Ireland will vote No to same-sex marriage. The first time.

There's a rainbow coming...

There's a rainbow coming...

Listening to the news that New York state has decided to legalise gay marriage made me consider what will happen here. In the programme for government, there’s a commitment to reviewing same-sex marriage as part of the constitutional convention. Will we have a referendum? It’s hard to see the government wanting to risk a proposed constitutional reform package by lumping something as controversial as SSM into it, so a stand alone referendum would seem likely. If Labour don’t deliver on that, it’ll be hung around their necks, and they know it too. As to whether it would be won, I have to say, as a convinced supporter of SSM (and a former passionate homophobe, to my shame), that I don’t think so. It’ll be divorce in 1986 all over again, with polls showing strong support for the Yes side until the debate starts and the crazies bring gay adoption into it (something the Irish are not ready for, which is mad, considering all the nutters I know had straight parents) and it falls at the last hurdle.

But don’t despair, because the debate itself will be useful. Labour will be the most solidly pro-Yes party. Fine Gael and Fianna Fail will allow a free vote, and Sinn Fein will whisper “vote Yes” in the softest tone possible, with the same (non-existent) passion they showed during the citizenship referendum. In fact, if Labour are smart, they’ll strap Sinn Fein to themselves for the duration of the campaign, and embarrass the shit out of them as the shinners try to have it both ways, being fashionably lefty but not pissing off their conservative rural voters. As the shinners are going after Labour’s working class voters, Labour might as well make it hard for them.

The vote will be a 42% Yes, or thereabouts, and will lay the seeds for the next time, when we will win. TDs will be surprised that even in rural areas, there will be people who voted Yes, and the smart ones will know that this is an idea whose time, if it hasn’t quite arrived, is certainly on its way. After all, remember the people who led the Divorce campaign in 1986? Garrett, who lost in 1986, was laid to rest this year a national hero who was proven, on divorce and so many other issues, to have been right. Remember the leaders of the sucessful  No to Divorce campaign? No, me neither.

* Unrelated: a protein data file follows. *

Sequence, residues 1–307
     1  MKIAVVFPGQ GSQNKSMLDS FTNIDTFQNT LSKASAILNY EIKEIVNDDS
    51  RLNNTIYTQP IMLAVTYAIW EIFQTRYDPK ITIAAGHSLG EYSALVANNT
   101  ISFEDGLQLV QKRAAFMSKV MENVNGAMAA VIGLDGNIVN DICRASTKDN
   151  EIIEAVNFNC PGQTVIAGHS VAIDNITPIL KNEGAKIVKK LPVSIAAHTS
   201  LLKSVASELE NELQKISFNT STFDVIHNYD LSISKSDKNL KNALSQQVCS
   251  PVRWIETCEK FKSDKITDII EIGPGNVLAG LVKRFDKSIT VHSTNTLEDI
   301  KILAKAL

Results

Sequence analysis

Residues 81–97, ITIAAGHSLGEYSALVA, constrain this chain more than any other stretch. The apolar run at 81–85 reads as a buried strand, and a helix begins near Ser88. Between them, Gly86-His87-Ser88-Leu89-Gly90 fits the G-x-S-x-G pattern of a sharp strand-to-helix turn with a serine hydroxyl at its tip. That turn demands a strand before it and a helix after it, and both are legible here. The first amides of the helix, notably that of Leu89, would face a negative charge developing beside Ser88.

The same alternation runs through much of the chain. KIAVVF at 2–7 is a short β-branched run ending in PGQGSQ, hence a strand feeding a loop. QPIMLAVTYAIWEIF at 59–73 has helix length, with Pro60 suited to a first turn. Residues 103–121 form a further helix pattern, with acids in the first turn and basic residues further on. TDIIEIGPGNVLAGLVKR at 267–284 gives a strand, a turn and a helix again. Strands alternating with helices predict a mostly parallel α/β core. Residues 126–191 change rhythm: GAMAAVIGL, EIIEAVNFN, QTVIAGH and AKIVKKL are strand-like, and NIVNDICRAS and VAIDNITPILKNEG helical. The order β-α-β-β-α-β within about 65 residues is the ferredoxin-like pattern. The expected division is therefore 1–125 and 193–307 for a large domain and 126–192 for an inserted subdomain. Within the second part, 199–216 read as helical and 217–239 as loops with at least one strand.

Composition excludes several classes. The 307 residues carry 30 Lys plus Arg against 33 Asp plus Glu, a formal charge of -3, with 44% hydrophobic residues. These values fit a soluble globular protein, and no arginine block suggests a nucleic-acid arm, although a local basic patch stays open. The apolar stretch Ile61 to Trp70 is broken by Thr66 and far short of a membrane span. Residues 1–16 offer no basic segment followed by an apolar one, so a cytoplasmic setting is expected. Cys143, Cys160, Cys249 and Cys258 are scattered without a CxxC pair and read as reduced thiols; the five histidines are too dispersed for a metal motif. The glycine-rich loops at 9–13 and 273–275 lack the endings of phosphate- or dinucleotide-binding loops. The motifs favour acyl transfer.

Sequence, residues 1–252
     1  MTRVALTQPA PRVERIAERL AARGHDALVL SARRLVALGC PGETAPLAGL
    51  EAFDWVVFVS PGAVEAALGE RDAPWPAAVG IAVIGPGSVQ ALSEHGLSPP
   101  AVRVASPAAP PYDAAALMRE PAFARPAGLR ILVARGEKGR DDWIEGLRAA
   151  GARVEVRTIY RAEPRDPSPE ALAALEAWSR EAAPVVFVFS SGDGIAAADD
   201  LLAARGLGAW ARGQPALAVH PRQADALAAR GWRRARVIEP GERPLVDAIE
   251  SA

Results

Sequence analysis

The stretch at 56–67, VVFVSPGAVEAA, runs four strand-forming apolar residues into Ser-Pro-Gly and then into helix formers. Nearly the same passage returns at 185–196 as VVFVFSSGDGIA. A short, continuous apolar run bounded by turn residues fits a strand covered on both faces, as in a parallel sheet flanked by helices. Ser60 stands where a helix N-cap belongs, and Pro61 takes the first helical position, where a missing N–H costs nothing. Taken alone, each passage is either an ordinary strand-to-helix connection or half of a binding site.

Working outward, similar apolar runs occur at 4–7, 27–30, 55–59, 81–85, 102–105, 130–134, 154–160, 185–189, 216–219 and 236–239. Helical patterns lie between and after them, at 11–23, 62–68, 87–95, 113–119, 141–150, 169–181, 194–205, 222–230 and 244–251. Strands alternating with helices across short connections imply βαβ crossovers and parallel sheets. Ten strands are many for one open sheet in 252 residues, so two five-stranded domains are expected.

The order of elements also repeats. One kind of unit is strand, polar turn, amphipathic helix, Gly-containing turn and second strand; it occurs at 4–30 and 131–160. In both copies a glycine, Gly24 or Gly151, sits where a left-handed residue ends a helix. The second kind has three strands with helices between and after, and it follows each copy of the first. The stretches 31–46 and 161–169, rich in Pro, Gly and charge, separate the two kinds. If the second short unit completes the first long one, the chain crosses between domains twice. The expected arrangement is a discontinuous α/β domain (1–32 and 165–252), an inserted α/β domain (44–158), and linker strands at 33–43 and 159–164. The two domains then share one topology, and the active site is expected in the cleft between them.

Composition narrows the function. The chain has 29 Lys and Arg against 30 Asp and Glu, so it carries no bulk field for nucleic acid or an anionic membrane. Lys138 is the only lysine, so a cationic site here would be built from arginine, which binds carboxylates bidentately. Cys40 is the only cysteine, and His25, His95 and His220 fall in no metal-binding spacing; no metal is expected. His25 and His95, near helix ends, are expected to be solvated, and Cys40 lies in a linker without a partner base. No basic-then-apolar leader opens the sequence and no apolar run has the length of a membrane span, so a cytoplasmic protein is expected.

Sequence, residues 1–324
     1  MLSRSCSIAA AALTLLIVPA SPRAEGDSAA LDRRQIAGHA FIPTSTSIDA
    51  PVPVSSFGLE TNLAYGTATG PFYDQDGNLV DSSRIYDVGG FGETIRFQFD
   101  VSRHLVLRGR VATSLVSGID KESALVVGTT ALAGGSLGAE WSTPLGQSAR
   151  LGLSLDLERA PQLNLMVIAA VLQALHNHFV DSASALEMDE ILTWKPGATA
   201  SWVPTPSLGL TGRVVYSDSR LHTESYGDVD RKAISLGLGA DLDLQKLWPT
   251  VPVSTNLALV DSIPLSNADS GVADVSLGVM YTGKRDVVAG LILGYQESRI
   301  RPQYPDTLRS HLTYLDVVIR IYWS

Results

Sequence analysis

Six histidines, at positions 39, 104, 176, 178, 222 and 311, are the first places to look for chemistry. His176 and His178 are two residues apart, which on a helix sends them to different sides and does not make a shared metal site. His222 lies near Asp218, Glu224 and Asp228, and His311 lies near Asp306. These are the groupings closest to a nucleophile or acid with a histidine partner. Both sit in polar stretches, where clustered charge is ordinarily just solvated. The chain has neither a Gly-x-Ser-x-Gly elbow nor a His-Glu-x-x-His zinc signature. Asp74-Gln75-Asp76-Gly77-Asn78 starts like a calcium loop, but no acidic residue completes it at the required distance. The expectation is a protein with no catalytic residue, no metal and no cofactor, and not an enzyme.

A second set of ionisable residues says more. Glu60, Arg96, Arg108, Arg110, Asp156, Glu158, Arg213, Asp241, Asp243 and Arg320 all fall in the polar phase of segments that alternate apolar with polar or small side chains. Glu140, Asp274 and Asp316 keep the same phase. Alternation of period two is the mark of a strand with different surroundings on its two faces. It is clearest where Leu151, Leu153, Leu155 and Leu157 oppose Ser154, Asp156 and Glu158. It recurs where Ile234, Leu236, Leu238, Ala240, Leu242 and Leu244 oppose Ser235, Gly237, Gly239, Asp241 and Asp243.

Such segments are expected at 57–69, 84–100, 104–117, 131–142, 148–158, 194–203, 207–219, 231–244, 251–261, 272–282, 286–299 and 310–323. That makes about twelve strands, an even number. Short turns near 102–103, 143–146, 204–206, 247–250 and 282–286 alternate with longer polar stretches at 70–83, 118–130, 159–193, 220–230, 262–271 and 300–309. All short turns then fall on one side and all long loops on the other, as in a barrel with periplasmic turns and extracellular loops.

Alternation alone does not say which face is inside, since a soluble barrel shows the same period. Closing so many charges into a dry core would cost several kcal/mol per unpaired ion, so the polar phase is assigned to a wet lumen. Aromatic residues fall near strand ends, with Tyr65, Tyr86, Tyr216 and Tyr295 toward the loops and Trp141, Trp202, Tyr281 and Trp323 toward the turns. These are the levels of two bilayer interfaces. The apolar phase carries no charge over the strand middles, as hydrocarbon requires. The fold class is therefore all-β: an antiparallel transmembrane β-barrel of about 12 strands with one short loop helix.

8 thoughts on “Ireland will vote No to same-sex marriage. The first time.

  1. In response to Criostoir, so many years later, the McKenna judgment was about the divorce referendum. Although Patricia McKenna herself voted Yes to divorce, she still objected to the use of state funds for the Yes side, perhaps in part conscious that there would be future EU referendums. (In McKenna (No. 1), directly in response to Maastricht, the court ruled against her claims.) So at the time, the government didn’t know they were acting unconstitutionally. They had less of an excuse with Children.

  2. Well, by that logic, then, there must be a huge conservative “family values” (I hate that misleading phrase) vote just waiting to be tapped into. What are you waiting for?

  3. As per previous discussions where you advocated quotas for women and I mentioned quotas for conservative Catholic. Our political parties are not really very representative of actual opinion. And it was was post-Mc Kenna – they just ignored the judgement.

  4. Was that pre-McKenna? I’d forgotten about that. Still, curious how no major party has advocated that we have another referendum to reverse the result. After all, you’d think there’d be votes in it, by your logic, and we know how those politicians love votes! Perhaps you should run on a “Bring back the Divorce ban!” platform.

  5. Remember how the government used tax payers money in an unconstitutional way to fund the yes campaign for divorce and still only won by a few thousand votes

  6. “as a convinced supporter of SSM (and a former passionate homophobe, to my shame)”…

    Now *that* would make for a fascinating blog post. I’m aware it could potentially be something too personal to post (a lot of people seem to do u-turns on homophobia because of gay friends, relatives etc), but I think the reasons why people do such u-turns are really interesting and could reveal a lot about why people think as they do about same sex marriage etc.

    Indulge me if you wish, but no need to feel obliged 🙂

  7. I still have the tiniest hope that the government will realise there’s nothing in the constitution prohibiting it and just legislate tomorrow. But I know that’s not going to happen. I just wish Labour had not toed themselves to a referendum in their manifesto.

    I’m not as pessimistic as you, but I think it depends on two things:
    1. The gay rights lobby being very in tune with the public and reading opinion polls to know what they really mean and when best to make the push.

    2. The Yes side bring prepared from the beginning with stories of gay couples raising children and how those children would be better off if their parents could marry. One reason Prop 8 passed in California in 2008 was that its proponents were the only ones to mention children, the opposition worried it would obscure the issue too much.

    I also think language will be important (reinforced after reading Frank Luntz’s book on political language). Where possible, I think proponents of change should say something like “allowing gay couples to marry” rather than “introducing gay marriage/same-sex marriage”. A quote I love on this is “I had lunch today, I didn’t have gay lunch”. “Martiage equality” is fine, but in general conversation and discourse, it probably comes off as jargon.

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